Treasured Pasts (author) from Commerce, Texas on April 13, 2012:

That is the hardest part of collecting tokens. You have what is called a maverick. I would start by seeing if there is a reference from the state where you got the token. You may find one on line also. I found one like you descibe online from Aberdeen Washington. It is evidently pretty common.

klwdbd on April 12, 2012:

I have a russ cigar store (front side) Good for 25 cents in trade (back side) token and cannot find anything about it? Do you know where it is from? worth?

Jess on April 02, 2012:

Coachleaf_I have some oklahoma trade tokens.

Treasured Pasts (author) from Commerce, Texas on March 25, 2012:

Sorry, I dont have any from Oklahoma but maybe someone who reads this will.

coachleaf on March 17, 2012:

I am a collector of Oklahoma Trade Tokens. If you have any, I would be interested in hearing from you. Please contact me through here...Mike.

Auden R on March 14, 2012:

Hey I was wondering if someone could help me determine what kind of and how old off token I have found in southern Idaho..... on the front of the token across the top in capital letters says N.E.C. and says that its good for A drink with large A in the center... on the back of the token is a large star the size of the back of the coin

Treasured Pasts (author) from Commerce, Texas on February 19, 2012:

Check this listing. It shows a 5 cent token I would guess that is similar to yours. They often made multiple denomination tokens (5,10,25 cent). It appears the 5 cent is pretty common. Afraid I couldn't find more. It is from Boston but I am thinking you knew that. Fort Andrews was built in 1897 so the token is fairly early.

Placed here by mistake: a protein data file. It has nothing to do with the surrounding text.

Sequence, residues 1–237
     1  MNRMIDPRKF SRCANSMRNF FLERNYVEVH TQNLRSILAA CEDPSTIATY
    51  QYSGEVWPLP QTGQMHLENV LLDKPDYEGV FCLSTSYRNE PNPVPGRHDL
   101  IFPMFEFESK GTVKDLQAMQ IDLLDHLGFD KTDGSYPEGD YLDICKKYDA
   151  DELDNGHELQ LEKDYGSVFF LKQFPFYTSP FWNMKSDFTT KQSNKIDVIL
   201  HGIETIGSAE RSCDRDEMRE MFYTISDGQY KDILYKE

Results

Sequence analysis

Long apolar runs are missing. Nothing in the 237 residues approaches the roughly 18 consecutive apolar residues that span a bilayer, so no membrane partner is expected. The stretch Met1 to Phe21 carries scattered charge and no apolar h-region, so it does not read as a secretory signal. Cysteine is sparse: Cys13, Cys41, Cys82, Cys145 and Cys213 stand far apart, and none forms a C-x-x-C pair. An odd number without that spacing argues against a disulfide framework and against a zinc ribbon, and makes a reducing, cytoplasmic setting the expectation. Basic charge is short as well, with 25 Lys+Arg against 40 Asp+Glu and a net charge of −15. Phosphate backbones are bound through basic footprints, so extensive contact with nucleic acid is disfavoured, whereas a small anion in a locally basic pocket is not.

jodibrown1432 on February 19, 2012:

Hi there! I am interested in finding out some information on a post exchange coin I have. It is from 1908 Fort Andrews 25 cents post exchange coin. Does anyone have any idea where i can find out some more about this? PLEASE :)

Treasured Pasts (author) from Commerce, Texas on October 30, 2011:


I see where one sold recently for $20. Not bad pocket change!!!

Megan on October 18, 2011:

Hi I have a token that I got as change at a McDonalds lol anyway it's a Miss. State Parchman Penitentiary "good for 5 cent in trade" token. Can't seem to find anything about it anywhere, it seems to be a very old token but its in good shape. Is there anywhere I can find out more info on this token?

treasured pasts on October 12, 2011:

Hi Adam

I would need a little more info to be of much help. It is good that you have the town and state and 12 1/2 cents is a collectable token itself.You may be able to get info by typing the name of the business in your google search to see if there have been others on ebay or for sale elsewhere.

adam on October 12, 2011:

i was wondering if you could give me any info. on a trade token i have it is heart shaped and good for 12 1/2 cents in trade from galena kan. it is on a pocket watch chain. thanks for your time.

Treasured Pasts (author) from Commerce, Texas on September 02, 2011: